Bryan Sykes is an extremely prudent man—a conservative, world-class scientific mind. Thus, he would not have allowed himself to speculate, on international television, that Zana may have derived from a relict line of ancient Homo sapiens if the mtDNA sequences did not support this very conclusion. (It’s a conclusion, incidentally, that falls right in line with Melba Ketchum’s mtDNA findings.) If his test results had demonstrated a modern origin for Zana, it would be highly irresponsible and out of character for him even to entertain such a radically divergent hypothesis.

And finally, if Zana was merely a modern person and not, in fact, a Sasquatch (or Alma, in the Russian context), then why was she (as described) a dead ringer for the figure in the Patterson-Gimlin Film—more than a century before anyone had laid eyes upon Patty?

Christopher Noël About Christopher Noël
Christopher Noël is the author of Sasquatch Rising 2013 and editor of the newly released anthology How Sasquatch Matters: Writers Respond to the New Natural Order. Christopher Noël holds a Master’s degree in Philosophy from Yale. Noël is a freelance editor ( and lives with his daughter in Vermont’s Northeast Kingdom.

7 Responses to “Bryan Sykes Knows More than He’s Saying – And it’s Good News for Sasquatch Research”

  1. Daniel McCallister via Facebook responds:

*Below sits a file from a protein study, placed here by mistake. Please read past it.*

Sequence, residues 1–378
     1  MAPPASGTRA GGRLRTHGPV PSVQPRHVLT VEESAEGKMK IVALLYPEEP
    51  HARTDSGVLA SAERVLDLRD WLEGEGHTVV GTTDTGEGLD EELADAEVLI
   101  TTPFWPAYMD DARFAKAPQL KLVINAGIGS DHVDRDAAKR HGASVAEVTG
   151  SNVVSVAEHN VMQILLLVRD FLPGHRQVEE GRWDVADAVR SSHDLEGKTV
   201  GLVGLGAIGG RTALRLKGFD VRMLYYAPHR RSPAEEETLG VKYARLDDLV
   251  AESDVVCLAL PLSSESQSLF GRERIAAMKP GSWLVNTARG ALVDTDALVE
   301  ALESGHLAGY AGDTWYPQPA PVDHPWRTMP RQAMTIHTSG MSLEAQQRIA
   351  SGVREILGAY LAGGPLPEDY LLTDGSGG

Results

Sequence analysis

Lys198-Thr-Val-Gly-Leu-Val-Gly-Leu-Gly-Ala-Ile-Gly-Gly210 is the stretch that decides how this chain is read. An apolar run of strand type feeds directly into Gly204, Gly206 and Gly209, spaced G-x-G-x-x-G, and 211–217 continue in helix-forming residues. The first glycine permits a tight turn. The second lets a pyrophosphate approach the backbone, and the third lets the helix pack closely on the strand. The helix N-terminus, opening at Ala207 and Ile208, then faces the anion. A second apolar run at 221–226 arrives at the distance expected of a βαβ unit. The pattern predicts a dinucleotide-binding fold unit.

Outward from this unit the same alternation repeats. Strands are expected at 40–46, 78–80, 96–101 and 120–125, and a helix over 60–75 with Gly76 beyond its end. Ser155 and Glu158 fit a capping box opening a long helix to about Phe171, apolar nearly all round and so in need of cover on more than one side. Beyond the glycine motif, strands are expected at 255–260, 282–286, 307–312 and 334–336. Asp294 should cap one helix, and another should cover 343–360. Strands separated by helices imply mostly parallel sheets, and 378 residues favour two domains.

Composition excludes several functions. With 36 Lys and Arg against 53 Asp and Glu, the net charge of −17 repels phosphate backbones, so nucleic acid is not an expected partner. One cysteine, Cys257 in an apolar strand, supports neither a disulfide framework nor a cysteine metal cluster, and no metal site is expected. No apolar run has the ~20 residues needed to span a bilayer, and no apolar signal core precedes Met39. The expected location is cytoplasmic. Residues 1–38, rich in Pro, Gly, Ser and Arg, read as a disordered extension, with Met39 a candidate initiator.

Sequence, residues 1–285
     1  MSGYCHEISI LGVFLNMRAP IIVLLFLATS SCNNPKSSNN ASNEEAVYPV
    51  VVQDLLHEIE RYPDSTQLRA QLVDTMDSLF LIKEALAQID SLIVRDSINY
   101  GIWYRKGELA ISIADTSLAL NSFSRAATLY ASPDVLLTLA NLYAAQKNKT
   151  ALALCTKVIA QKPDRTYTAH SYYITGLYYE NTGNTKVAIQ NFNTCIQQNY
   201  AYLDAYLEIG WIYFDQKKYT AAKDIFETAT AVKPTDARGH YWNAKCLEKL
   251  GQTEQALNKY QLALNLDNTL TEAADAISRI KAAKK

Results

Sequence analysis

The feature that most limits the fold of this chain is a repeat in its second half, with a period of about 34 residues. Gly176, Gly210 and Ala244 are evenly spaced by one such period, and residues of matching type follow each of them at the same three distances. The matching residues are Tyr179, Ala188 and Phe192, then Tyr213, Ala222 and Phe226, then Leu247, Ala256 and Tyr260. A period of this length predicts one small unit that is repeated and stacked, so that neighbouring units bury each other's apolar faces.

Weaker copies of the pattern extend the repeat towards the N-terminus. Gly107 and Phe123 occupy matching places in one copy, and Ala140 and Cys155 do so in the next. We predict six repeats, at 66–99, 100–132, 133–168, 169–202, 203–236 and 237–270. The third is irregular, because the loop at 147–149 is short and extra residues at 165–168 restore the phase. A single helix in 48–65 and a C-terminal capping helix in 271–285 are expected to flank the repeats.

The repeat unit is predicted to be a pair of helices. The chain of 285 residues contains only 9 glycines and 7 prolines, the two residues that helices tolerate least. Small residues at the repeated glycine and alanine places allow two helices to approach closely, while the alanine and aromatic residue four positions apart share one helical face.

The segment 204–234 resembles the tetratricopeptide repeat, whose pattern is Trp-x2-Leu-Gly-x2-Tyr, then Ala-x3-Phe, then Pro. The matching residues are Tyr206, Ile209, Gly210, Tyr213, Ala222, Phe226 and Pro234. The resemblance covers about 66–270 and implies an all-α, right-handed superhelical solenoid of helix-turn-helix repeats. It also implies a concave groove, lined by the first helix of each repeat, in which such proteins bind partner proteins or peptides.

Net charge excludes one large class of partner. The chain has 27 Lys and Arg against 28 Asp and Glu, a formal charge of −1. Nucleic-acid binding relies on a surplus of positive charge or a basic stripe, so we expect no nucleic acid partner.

A solid article.

  2. Shawn Erwin via Facebook responds:

    There was a show that said the DNA was 100% human and some birth defect?Now it’s back and is this a new DNA study confused?

  3. Shawn Erwin via Facebook responds:

    Few years back

  4. alan borky responds:

    Christopher the mythologies of the world’re full of human-like but not quite human primordial figures called trolls giants etc etc t’whom various human heroes resort when in search of technology capable of dealing with other far more eldritch distinctly inhuman figures.

    Even the story of David’n’Goliath’s the story of a Stone Age kid goin’ up against a giant clad in the Iron Man technology of his day who due to some characteristic he grasps about the giant’s skull’s able t’take him out with one stone.

    The further archaeologists go back the more it’s becomin’ likely someone was usin’ fire spears mining sailing round the world before what we think of humans even emerged.

    An’ again this’s what the mythologies tell us the giant Prometheus conferred fire on his creation Man.

    The Nordic father of giants an’ monsters Loki whose name can mean both Fire an’ The Word is portrayed as an ingenius trickster figure who runs rings round ev’rybody till he’s punished by burial alive in the bowels of the Earth.

    In short Sykes observations on Zana an’ her children may well’ve begun the uncovering of an ongoing attrocity in which once noble races of highly creatives peoples were not only driven to the fringes of existence by a parallel race ie us capable of massively outbreeding them but right up to Zana if not sooner were being reduced to beasts fit only for rape.

  5. Goodfoot responds:

    Can I offer you some punctuation marks, or is it that you’re caught up in some sort of archaic literary tribute mode?

  6. Maqa responds:

    I wish we could listen to what others have to contribute without criticizing their style.

  7. Cryptoraptor responds:

    Can author Bryan Sykes explain why the publisher of his book “The Seven Daughters of Eve” decided to ‘not enable’ the text to voice feature on the Kindle version of his book?

    Given that I’m busy and it allows me to do other activities while I listen to the information in a book, “text to voice” is a deciding factor on whether I will buy a book or not.

    That goes for other authors as well. 😉

Sorry. Comments have been closed.